Social Learning Following Social Interactions



Bayne, Megan

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This research explored the effect of social interactions on social learning. Previous research has indicated that our tendency to approach rewarding social cues or avoid negative social cues can interfere with our ability to learn from social feedback (Cavanaugh, 2013). In this study we examined if these tendencies are dependent on our social motivational state. The study consisted of two parts: part one of this study used an online ball-tossing game, Cyberball, as a social exclusion task, part two of this study used a social rejection picture task as a negative social interaction. The control for both parts involved a neutral social interaction. Both tasks were followed immediately by a reinforcement learning task which utilizes Pavlovian biases. Part one and two of the study were analyzed separately using a mixed ANOVA. The results of this test were hypothesized to show a significant increase in accuracy on the withdrawal trials of the Pavlovian influence task following a negative social interaction. There was no effect found from the social motivational state on Pavlovian reinforcement, however, results did point to an approach bias within individuals. The findings from this study contribute to our understanding of motivational influences on learning from the feedback of other people.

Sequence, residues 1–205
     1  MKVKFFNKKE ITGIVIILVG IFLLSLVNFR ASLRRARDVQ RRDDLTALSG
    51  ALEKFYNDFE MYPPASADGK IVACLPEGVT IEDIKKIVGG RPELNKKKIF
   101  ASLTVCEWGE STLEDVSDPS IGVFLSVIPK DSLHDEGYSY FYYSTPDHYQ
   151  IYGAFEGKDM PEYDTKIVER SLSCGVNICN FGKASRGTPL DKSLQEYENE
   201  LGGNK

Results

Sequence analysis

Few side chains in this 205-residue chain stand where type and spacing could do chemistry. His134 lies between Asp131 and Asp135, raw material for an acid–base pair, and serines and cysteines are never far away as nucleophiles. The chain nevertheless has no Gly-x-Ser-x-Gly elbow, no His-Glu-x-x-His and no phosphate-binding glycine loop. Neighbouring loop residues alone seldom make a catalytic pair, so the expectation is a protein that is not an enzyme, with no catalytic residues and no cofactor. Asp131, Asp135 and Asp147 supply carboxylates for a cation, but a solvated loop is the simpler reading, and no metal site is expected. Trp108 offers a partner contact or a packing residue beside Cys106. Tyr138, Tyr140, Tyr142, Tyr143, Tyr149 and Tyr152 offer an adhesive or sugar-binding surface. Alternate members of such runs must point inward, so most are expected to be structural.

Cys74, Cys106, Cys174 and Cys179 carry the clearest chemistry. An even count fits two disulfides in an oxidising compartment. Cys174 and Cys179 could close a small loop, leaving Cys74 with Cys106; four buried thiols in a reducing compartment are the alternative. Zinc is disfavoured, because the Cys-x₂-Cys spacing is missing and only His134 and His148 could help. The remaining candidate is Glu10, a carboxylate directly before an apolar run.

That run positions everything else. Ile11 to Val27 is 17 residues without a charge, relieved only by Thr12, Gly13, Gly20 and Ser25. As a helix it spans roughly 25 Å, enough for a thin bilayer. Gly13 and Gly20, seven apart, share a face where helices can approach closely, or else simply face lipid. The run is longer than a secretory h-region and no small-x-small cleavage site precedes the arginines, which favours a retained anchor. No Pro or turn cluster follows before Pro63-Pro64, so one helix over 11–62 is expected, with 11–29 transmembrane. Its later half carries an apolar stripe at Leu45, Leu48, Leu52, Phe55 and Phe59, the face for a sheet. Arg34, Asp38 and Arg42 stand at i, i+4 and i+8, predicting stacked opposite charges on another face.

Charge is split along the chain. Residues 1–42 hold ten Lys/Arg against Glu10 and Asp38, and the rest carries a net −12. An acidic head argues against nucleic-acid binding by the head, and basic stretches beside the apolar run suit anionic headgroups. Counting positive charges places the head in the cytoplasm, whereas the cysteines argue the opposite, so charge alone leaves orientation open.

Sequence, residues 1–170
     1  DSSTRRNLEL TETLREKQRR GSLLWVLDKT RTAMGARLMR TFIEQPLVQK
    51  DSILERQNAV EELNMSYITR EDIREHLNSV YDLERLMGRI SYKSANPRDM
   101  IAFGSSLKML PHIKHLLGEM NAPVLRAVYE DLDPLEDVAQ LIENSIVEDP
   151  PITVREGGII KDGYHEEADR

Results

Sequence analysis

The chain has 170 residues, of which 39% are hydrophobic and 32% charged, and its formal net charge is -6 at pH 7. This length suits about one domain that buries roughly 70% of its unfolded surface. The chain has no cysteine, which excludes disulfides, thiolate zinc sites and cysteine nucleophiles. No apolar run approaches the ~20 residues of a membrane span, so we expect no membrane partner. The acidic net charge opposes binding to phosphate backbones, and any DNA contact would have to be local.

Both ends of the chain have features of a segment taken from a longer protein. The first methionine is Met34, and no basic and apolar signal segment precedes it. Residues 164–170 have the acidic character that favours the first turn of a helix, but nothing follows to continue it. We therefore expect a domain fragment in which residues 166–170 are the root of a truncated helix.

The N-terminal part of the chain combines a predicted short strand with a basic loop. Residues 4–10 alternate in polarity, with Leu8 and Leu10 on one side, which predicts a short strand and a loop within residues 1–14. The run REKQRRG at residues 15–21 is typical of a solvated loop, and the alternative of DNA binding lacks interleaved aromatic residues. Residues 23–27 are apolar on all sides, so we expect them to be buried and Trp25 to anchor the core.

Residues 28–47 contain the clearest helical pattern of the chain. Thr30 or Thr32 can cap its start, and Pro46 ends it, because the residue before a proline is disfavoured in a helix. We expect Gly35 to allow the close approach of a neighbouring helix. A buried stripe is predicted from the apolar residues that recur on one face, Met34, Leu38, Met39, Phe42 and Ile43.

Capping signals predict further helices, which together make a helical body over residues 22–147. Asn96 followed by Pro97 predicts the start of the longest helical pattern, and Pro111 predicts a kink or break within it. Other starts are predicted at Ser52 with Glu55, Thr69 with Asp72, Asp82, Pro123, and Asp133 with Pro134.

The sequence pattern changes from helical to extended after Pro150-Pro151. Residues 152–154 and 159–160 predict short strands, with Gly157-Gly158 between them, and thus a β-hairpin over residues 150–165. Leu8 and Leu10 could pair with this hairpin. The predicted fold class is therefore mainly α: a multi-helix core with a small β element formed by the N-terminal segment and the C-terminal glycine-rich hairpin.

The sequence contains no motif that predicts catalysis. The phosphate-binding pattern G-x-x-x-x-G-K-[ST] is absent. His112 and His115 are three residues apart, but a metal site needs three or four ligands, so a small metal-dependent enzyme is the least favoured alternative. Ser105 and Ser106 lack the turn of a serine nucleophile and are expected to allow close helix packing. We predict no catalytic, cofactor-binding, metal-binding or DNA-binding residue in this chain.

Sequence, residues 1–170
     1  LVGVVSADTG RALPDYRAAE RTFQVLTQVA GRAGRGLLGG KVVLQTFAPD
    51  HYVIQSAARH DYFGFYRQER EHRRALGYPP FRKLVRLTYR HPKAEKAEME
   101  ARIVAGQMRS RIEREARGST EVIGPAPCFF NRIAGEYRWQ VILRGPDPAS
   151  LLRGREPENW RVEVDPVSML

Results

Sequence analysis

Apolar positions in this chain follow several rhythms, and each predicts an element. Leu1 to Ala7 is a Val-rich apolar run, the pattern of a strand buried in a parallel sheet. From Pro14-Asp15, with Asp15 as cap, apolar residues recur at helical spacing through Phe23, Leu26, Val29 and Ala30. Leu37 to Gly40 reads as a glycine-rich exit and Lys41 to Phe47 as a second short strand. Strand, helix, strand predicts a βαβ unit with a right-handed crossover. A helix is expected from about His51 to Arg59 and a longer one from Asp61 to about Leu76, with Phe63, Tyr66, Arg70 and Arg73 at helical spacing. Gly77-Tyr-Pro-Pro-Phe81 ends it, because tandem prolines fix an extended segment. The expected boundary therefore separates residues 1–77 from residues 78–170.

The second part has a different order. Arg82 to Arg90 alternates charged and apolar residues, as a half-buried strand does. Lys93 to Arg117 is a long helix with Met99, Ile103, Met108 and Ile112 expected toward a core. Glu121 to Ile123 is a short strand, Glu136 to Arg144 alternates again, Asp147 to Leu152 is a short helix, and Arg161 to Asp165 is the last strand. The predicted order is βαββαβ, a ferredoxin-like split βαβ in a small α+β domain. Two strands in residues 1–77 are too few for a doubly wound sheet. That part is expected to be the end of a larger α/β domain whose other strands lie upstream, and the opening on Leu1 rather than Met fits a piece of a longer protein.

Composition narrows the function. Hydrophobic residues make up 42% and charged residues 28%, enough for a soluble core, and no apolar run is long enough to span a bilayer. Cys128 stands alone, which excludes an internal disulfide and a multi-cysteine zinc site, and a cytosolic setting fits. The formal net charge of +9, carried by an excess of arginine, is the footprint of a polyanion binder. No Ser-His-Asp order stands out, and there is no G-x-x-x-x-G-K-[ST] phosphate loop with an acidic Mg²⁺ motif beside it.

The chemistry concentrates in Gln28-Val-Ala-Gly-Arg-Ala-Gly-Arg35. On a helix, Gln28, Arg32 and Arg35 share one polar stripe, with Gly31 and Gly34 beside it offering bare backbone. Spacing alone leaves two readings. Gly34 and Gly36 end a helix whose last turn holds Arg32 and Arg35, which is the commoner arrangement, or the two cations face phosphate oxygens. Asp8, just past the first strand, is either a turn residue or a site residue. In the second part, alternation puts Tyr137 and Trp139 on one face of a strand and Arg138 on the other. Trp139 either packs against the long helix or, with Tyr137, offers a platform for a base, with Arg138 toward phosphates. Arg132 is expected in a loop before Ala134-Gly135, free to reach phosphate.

Social learning, Pavlovian bias, Rejection, Cyberball